Danny Boyle’s Yesterday is a movie with an ingenious idea that has no clue how to pay off its premise. Working from a script by Richard Curtis, the film takes place in world where no one but the protagonist remembers the music of The Beatles. There are so many interesting directions you could go with this premise as your starting point, and Yesterday ignores all of them in favor of a romance that’s bland and uninspiring. While I typically cringe at critics attempting to provide a new plot to a movie rather than judging the film on its own merits, the wastefulness of Yesterday is undeniable and unavoidable. As you watch the protagonist churn out Beatles songs as his own, you see that Yesterday has no love for The Beatles, their impact, or even music. It’s a story about love and fame, and The Beatles are merely a means to an end. The Fab Four and their music deserve so much better.
Jack Malik (Himesh Patel) is a struggling singer-songwriter in a small town in England. He has the support of his best friend and manager Ellie (Lily James) and a few other friends, but no one is really interested in hearing his music, and the lack of turnout makes Jack want to hang up his guitar. However, during a worldwide blackout that lasts for twelve seconds, Jack is hit by a bus. When he awakens in the hospital, he soon discovers that he’s the only person who remembers the music of The Beatles. The group has been wiped out of existence, but he knows most of their songs. He decides to pretend like The Beatles’ songs are his own, and as he becomes more successful and famous, he has to live with not only the guilt of his own fraud, but also how he’s ignored Ellie despite her obvious feelings for him.
What makes Yesterday so frustrating is that it doesn’t have much love for The Beatles. Obviously, the movie doesn’t want to waste time showing how different the world would be without their music and settles for a moderate chuckle at the fact that Oasis doesn’t exist either. But the conflict of the movie isn’t Jack struggling with his own art and using The Beatles as a crutch. Jack wants to become famous, but he knows he’s a fraud, and that’s a shallow, uninteresting avenue for your story. It’s basic and obvious and avoids far more interesting questions about what to do when your own art isn’t deemed good enough by the masses. It’s worth noting that The Beatles languished in obscurity for years playing strip clubs before they ascended to fame and fortune. But more than that, their art meant something to them. For Jack, it’s a shortcut, and one that shows he has no artistic passion of his own.
Watching Yesterday, I was reminded of Curtis’ 2013 movie About Time, which also has a fantastical premise to tell a story about what you would do if you could avoid fear of rejection. In About Time, it’s about avoiding rejection in love and in Yesterday, it’s about avoiding rejection in art. But About Time succeeds because the whole movie is about love and how important our relationships are while Yesterday is about fame with a lazy love story tacked on. Ellie doesn’t really get to be a three-dimensional person with her own hopes and aspirations. In fact, she has one of them movie’s worst and most telling moments when she tells Jack he can’t quit music and become a teacher because he’ll use up all his creativity and imagination on his students. Setting aside the apparent travesty of investing in future generations, we all know that someone can’t be a teacher and a creative genius! Just ask Lin-Manuel Miranda. She pines after Jack who’s to self-involved to notice her and rather than deciding to move on, she’s in her mid-30s still wanting to get together with her grade-school chum, which is more sad than romantic.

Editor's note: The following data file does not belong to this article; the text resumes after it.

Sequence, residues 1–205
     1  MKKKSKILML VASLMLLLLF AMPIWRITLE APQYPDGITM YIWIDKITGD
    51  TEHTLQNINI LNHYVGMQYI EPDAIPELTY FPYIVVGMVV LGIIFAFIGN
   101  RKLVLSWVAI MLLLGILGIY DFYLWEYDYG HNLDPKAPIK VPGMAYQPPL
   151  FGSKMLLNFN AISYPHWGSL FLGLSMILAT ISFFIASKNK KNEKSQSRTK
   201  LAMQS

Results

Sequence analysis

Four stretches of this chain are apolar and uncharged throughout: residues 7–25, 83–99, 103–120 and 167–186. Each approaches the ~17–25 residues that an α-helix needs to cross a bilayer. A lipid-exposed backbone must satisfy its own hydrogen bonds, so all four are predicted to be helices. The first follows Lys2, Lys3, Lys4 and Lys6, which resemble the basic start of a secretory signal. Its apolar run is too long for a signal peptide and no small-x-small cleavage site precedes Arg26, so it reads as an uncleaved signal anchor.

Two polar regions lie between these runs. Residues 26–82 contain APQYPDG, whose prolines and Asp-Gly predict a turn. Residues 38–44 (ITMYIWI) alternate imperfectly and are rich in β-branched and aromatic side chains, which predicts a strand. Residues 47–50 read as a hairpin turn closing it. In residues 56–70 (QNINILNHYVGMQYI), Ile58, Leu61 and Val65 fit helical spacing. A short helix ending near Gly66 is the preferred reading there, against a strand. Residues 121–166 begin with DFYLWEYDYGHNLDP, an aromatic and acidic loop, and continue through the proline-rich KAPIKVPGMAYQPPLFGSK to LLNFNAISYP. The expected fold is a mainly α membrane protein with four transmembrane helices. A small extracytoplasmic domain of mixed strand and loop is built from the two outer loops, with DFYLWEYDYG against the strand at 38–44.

Because Yesterday is more concerned with Jack’s fame and his romance with Ellie, the music of The Beatles just becomes an easy shortcut to get Jack famous. It’s not like he’s a Beatles superfan who needs to bring their music into the world. The film also wants to convince us that The Beatles’ music is timeless so that a song like “Help!” would be just as popular today as it was in 1965, but then it wants to turn around and treat that same music as nothing more than a collection of catchy tunes. As Jack’s ruthless agent Debra (Kate McKinnon) says about her client, “He’s a product to me,” and Yesterday treats The Beatles’ music the same way. Yesterday if the cinematic equivalent of people whose favorite Beatles album is 1. You could make pretty much the same movie if Jack woke up into a world where only he remembered advertising jingles and became a successful ad executive.
I didn’t hate Yesterday, but I found it constantly disappointing. There are bright spots like McKinnon and Joel Fry, who plays Jack’s good-hearted friend and roadie. And it’s always nice to hear the music of The Beatles. But these are small comforts in a film that never finds the payoffs that would make its premise worthwhile. It’s not a movie about the cost of art or even being oblivious to love. It’s about a fame and getting the girl, and you don’t need The Beatles for that.